“Zawahri says, ‘I want people to do individual jihad, to engage in jihad where you are,’” said the intelligence official. “Well, if someone blows up a bus, or attacks a building, do you blame Zawahri? Do you say he’s responsible?”
“That’s the parallel,” said the official. “We don’t have any indication of a direction or a command and control from Umarov for this week’s attacks. We haven’t seen any evidence of that.”
But like the Boston bombings, the attacks apparently were aimed at killing innocent civilians at soft targets, where the attackers knew they would have a solid chance of avoiding security and police.
That may explain why this week’s bombings did not directly target the Russian city of Sochi, where the Winter Olympics are slated to begin Feb. 7 and where some of the tightest security in history is in place. Instead of trying to infiltrate that, the suicide bombers carried out their mission in Volgograd, a key transportation hub for reaching Sochi, but roughly 400 miles away.
It is not entirely clear, meanwhile, how closely aligned Umarov is with al Qaeda. The State Department said in 2011 that “Umarov has issued several public statements encouraging followers to commit violent acts against declared enemies, which include the United States, as well as Israel, Russia, and the United Kingdom.”
At the time, the State Department authorized a reward of up to $5 million for information leading to Umarov’s location. The reward announcement described him as “the senior leader and military commander” of the Caucasus Emirates and said the group was “responsible for carrying out suicide bombings and other acts of terrorism.”
“CE has employed violent acts under Umarov’s command, involving improvised explosive devices (IED), vehicle-born IEDs, and suicide bombings,” the 2011 announcement said.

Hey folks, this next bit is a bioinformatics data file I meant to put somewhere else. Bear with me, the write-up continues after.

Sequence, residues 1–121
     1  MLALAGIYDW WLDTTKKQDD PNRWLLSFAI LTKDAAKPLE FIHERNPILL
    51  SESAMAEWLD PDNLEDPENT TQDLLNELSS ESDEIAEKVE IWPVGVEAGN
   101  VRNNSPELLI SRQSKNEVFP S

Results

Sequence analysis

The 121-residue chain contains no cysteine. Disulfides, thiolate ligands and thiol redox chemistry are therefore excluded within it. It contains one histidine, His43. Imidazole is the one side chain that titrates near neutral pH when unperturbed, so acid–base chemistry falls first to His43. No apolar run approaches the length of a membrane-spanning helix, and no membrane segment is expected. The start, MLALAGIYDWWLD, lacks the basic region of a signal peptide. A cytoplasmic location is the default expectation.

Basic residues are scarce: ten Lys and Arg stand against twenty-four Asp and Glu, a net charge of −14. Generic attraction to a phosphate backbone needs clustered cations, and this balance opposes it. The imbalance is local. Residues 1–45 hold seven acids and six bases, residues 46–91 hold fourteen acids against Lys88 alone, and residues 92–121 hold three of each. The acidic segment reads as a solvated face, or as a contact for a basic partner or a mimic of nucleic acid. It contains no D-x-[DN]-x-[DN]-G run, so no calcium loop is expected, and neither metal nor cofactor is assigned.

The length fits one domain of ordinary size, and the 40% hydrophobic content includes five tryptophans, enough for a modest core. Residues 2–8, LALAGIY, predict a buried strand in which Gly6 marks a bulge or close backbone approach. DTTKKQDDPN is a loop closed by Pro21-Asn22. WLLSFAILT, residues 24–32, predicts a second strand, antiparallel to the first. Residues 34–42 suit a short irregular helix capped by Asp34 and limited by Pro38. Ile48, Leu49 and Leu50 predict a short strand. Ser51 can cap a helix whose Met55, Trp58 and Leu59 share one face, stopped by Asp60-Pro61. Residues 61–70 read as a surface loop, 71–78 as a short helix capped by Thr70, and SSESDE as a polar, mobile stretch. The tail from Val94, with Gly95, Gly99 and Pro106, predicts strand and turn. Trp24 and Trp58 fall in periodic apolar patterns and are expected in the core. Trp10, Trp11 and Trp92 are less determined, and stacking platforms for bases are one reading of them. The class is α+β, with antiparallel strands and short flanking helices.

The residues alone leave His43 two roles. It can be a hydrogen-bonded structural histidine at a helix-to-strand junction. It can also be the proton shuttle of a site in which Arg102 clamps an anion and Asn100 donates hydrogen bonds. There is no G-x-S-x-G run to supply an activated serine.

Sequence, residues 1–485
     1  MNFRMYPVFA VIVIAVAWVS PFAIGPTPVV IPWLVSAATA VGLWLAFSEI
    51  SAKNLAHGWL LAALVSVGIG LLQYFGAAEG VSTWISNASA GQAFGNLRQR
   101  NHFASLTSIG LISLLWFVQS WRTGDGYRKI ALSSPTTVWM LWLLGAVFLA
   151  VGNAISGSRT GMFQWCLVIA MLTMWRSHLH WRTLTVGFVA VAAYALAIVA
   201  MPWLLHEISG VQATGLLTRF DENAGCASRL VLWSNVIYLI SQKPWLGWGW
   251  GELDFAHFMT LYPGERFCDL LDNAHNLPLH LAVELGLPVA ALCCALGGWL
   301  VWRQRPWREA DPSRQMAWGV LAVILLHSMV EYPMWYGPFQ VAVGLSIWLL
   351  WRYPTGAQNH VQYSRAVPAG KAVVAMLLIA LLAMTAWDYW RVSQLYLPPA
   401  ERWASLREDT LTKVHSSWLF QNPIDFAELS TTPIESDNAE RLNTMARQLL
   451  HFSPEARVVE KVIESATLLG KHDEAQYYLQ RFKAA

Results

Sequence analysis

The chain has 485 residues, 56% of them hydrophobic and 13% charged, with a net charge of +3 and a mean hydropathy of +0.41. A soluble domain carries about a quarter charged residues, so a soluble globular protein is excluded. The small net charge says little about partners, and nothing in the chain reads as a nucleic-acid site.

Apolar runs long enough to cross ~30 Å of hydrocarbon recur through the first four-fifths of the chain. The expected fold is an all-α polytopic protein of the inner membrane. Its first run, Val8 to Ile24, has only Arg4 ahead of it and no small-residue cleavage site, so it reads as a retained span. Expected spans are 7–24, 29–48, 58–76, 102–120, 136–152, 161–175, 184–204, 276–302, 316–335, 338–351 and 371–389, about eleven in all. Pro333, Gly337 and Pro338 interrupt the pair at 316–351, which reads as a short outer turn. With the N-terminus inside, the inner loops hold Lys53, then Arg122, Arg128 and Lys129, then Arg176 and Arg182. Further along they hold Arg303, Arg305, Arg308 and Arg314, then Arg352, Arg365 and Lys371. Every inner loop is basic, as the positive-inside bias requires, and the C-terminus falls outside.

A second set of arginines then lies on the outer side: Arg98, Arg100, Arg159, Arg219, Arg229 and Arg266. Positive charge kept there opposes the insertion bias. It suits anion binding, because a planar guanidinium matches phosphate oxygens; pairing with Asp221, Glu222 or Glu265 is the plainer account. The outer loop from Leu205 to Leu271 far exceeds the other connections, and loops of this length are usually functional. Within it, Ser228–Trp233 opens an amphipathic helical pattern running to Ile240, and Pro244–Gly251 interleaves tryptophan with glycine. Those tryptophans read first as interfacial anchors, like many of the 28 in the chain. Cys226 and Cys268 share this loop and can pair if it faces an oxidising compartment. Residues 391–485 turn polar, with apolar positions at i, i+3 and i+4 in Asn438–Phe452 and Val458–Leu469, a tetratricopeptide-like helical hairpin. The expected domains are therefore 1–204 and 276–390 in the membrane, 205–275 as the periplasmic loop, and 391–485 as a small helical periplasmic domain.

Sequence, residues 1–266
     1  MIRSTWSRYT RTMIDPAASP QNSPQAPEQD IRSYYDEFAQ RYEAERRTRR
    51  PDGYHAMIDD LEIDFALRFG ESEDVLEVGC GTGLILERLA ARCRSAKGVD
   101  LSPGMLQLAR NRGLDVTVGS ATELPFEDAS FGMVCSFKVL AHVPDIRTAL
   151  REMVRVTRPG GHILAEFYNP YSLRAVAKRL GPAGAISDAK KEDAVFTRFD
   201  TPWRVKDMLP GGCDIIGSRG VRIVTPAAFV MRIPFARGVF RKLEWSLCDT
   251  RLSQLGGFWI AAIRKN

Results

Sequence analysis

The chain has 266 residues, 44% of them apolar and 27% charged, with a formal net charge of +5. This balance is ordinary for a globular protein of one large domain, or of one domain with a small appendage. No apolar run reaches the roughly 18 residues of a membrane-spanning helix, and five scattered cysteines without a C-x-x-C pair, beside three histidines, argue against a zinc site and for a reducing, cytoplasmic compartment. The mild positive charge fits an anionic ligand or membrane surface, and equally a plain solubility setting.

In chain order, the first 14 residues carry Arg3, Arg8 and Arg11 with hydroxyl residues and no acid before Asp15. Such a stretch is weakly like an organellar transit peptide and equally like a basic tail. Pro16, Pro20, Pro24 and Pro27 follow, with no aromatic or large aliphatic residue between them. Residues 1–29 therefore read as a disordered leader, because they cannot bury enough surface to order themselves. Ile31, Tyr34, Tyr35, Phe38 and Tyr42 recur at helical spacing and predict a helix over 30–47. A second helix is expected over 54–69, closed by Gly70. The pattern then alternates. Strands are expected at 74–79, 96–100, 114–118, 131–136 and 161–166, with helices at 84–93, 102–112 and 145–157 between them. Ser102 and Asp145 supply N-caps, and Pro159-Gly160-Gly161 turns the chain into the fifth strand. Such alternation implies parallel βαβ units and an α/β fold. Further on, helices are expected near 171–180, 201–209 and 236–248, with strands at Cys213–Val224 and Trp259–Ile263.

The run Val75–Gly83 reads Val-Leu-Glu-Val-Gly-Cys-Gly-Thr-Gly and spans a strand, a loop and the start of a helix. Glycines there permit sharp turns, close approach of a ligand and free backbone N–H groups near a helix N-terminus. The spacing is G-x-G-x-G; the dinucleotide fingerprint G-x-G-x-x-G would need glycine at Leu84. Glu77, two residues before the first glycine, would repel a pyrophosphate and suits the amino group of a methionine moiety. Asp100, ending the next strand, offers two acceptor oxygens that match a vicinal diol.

The extent to which Umarov and other Chechen jihadists are linked to global al Qaeda-linked groups remains a subject of debate. For example, State Department announcements about the Chechen extremist have made no direct reference to al Qaeda. Specific attacks that he has directed and claimed responsibility for during recent years have resembled those of a locally focused terrorist.
“Umarov has claimed responsibility for various attacks including the 2010 Moscow subway bombings, which killed 40 people,” according to the State Department’s announcement in 2011. The document also noted that Umarov “claimed to have masterminded the 2009 Nevsky Express train bombing, which killed 28 people” in Russia.
On the other hand, the top terrorism monitoring arm of the United Nations associated Umarov with al Qaeda in 2011, saying he participated in financing, planning and facilitating, and recruiting for various al Qaeda-minded groups outside Russia.
News reports over the past year have suggested that as many as 200 Chechen Islamists have moved to Syria, where one — Omar Shishani — is reported to have been appointed to a key leadership position by the Islamic State of Iraq and the Levant, which U.S. officials say is the top al Qaeda affiliate fighting in Syria.